H. Aestivation/Avoiding Dessication. According to Petranka (1998), adult three-toed amphiumas are capable of burrowing through soft mud and utilizing crayfish burrows. They can remain in these refugia for many months without feeding.

I. Seasonal Migrations. Barbour (1971) reports that on rainy nights, amphiumas may be seen wandering on land in swampy areas. They are also known to cross roads, especially during rains (J.B., personal observations).

J. Torpor (Hibernation). Unknown.

K. Interspecific Associations/Exclusions. Three-toed amphiumas occur sympatrically with two-toed amphiumas (Amphiuma means) in parts of their range.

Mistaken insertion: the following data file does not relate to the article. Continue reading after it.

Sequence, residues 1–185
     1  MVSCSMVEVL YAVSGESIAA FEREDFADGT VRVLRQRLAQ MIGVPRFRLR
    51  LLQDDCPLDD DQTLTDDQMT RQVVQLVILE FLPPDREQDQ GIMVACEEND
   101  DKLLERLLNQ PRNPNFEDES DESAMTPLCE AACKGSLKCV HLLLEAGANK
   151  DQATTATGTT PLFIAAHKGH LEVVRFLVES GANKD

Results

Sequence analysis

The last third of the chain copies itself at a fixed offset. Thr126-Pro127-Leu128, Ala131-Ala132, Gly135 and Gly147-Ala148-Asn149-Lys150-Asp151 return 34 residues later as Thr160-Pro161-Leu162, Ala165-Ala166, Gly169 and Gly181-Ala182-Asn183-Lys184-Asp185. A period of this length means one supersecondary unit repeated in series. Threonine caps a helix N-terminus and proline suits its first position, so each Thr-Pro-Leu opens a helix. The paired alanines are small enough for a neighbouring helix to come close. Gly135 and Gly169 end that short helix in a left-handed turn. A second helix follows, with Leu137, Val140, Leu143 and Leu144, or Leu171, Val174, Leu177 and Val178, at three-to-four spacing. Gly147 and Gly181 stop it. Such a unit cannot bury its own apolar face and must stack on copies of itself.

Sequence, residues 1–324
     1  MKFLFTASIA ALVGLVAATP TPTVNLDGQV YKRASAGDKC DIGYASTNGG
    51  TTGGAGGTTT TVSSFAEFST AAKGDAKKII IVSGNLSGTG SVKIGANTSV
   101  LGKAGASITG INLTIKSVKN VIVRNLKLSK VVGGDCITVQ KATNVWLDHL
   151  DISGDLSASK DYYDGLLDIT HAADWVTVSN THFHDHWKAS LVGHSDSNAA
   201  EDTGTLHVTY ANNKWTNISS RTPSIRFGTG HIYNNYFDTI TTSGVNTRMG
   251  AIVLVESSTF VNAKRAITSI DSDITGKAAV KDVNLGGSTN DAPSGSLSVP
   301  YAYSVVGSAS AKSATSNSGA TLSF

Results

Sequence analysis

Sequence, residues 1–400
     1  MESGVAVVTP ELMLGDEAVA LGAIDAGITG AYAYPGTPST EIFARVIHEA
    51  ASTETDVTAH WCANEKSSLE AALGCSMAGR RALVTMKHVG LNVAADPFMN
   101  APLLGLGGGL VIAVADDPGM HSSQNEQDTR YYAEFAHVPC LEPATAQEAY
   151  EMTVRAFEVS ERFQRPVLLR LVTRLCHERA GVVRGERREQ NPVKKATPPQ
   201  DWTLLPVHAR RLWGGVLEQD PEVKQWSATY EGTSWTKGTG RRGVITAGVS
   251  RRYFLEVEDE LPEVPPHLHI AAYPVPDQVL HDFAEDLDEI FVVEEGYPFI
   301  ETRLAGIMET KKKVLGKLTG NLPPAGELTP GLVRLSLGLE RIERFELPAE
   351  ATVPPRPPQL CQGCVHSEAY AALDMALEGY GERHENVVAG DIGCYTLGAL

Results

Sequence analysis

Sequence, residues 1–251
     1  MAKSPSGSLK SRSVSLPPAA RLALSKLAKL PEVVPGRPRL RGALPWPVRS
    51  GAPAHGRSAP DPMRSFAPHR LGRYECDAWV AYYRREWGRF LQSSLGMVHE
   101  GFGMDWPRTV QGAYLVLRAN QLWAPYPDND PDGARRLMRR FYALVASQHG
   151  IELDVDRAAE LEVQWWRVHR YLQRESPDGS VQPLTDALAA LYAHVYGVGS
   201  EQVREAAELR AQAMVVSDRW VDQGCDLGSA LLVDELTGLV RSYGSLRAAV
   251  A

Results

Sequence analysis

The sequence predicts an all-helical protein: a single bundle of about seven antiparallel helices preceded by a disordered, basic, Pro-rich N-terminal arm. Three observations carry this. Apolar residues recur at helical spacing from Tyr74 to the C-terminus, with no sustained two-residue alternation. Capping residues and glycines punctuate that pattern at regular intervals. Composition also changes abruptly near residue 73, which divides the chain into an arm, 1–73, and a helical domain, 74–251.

L. Age/Size at Reproductive Maturity. From 45.7–106 cm (18–41 3/4 inches; Behler and King, 1998), although Fontenot (1999) found the minimum size of gravid females to be 33 cm body length.

M. Longevity. Not reported.

N. Feeding Behavior. Crawfish constitute a large proportion of the diet, followed by annelids, insects, mollusks, fishes, and even skinks. Fontenot and Fontenot (1989) found the remains of a snapping turtle (Chelydra serpentina; see also Petranka, 1998). Vegetation is probably ingested incidentally. Seasonal differences reflect prey availability (Chaney, 1951; Dundee and Rossman, 1989). After capturing prey, amphiumas often twist violently, which may assist in incapacitating the prey or reduce the risk of the prey attacking them (see Petranka, 1998). The biomechanics of feeding have been detailed by Erdman and Cundall (1984).

O. Predators. Preyed upon by mudsnakes (Faracina abacura) and cottonmouths (Agkistrodon piscivorous; Behler and King, 1998).